What Does Retaliation under ERISA Look Like?

What’s worse than playing games with your employees’ retirement savings? Well, probably not much, from both a moral and legal perspective. The heavy hand of the plaintiff’s bar, and possibly the Department of Labor, will come looking for you if you do.

But one thing that makes such an event worse for a plan sponsor or fiduciary, from a legal and liability perspective in any event, is retaliating against the employee who ratted you out in the first place.  This is because ERISA includes an anti-retaliation provision, section 510, by which a plan participant can sue for damages if retaliated against for seeking to recover, obtain or protect his or her benefits under an ERISA governed plan.

Now, in my experience, participants in a plan who have been engaged in long disputes with a plan administrator over benefits or plan administration often come to believe that they are being targeted by a hostile administrator in response and are therefore being retaliated against. In some cases, those participants are right in their perceptions. But contrary to what many participants caught in that scenario may believe, they are almost never sitting – despite what complaints, often legitimate, they may have about the conduct of a plan sponsor or administrator – on a viable claim for retaliation under ERISA. Instead, a viable cause of action under ERISA for retaliation requires, to succeed, a strong linkage between a job action or other harmful decision and the participant’s request for benefits or effort to protect those benefits. Most of the typical disputes that go on day after day between participants and plan administrators don’t rise to this level, no matter how it feels to the particular participant trapped in the dispute.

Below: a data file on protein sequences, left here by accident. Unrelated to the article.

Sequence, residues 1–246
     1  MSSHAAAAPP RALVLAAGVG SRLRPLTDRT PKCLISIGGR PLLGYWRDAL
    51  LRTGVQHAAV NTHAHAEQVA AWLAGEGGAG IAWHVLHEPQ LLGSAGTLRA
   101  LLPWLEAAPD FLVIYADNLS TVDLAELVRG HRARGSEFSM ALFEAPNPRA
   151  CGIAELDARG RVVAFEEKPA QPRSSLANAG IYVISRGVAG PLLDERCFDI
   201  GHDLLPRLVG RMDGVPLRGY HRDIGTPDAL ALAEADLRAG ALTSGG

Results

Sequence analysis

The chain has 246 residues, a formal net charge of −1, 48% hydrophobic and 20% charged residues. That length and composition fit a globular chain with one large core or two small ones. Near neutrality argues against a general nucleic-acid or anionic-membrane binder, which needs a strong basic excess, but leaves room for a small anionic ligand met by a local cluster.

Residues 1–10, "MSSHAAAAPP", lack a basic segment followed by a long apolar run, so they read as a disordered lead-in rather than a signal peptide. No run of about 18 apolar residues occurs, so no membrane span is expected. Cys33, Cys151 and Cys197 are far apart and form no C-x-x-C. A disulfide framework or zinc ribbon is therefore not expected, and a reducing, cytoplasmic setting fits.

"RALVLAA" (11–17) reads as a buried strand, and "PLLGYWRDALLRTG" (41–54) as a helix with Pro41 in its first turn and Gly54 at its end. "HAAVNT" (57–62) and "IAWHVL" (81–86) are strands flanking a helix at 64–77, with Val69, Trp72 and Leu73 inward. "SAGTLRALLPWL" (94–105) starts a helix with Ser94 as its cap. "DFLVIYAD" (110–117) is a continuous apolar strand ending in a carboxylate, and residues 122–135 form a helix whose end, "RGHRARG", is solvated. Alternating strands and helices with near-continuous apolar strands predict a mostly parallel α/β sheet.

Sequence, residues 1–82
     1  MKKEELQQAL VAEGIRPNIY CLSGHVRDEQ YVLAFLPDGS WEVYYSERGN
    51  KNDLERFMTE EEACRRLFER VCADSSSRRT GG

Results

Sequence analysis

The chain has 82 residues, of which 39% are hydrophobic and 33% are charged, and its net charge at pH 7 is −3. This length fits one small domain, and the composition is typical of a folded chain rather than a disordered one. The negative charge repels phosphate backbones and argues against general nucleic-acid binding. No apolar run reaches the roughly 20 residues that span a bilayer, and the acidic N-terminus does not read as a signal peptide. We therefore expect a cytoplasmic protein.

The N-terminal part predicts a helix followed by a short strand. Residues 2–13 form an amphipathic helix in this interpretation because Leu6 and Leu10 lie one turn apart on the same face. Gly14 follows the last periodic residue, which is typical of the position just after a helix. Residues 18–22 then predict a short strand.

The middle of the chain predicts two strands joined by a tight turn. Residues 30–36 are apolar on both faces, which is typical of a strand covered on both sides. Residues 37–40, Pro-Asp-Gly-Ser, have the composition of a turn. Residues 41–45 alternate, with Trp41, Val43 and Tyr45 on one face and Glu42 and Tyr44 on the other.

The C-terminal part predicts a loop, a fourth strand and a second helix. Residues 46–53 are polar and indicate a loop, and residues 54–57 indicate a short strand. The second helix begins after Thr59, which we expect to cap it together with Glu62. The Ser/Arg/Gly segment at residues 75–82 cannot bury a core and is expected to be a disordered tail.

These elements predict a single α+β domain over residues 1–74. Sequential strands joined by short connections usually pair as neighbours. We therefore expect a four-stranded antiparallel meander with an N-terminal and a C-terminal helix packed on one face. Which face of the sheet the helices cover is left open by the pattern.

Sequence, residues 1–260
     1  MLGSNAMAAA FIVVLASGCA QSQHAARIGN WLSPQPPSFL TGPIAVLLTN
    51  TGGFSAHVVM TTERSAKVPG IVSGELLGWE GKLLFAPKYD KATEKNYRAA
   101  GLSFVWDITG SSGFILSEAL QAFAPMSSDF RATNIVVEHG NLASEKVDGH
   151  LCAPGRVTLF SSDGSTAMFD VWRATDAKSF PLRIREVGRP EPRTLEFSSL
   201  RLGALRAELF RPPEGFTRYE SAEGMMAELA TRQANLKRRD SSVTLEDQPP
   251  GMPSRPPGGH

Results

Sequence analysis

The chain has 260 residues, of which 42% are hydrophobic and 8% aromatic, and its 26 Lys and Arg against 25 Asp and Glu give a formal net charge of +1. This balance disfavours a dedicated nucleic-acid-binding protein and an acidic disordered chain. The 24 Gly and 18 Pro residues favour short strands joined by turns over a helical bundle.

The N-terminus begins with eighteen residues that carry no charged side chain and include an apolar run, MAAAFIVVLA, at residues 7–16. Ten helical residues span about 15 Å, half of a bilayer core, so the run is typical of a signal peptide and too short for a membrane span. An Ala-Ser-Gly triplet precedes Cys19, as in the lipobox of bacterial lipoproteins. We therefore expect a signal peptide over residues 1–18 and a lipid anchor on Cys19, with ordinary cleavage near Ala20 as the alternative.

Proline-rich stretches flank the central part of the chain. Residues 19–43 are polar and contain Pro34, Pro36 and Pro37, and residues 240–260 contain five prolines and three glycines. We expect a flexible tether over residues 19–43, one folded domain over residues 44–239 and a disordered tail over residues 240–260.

Instead, a viable ERISA claim for retaliation looks much more like the facts of this case, in which the Department of Labor recovered several hundred thousand dollars in back pay and other damages for a trio of employees and plan participants who blew the whistle on malfeasance by a plan fiduciary and cooperated with a federal criminal investigation. As Planadvisor summed up in an article on the case:

Prior to her termination, Robbins complained internally that Scott Brain, a trustee and business manager for Cement Masons Local Union 600, was violating the federal Employee Retirement Income Security Act (ERISA). In 2011, she cooperated with a federal criminal investigation into Brain’s activities. Upon learning of her cooperation, the joint board of trustees voted to place Robbins on administrative leave, until such time that her department was outsourced.

Later, "when the company outsourced Robbins’ department to a third-party administrator, Robbins was the only employee not retained by the new employer."

Now that’s retaliation in violation of ERISA. And from the perspective of a plan sponsor or administrator, that is just plain making a bad situation worse.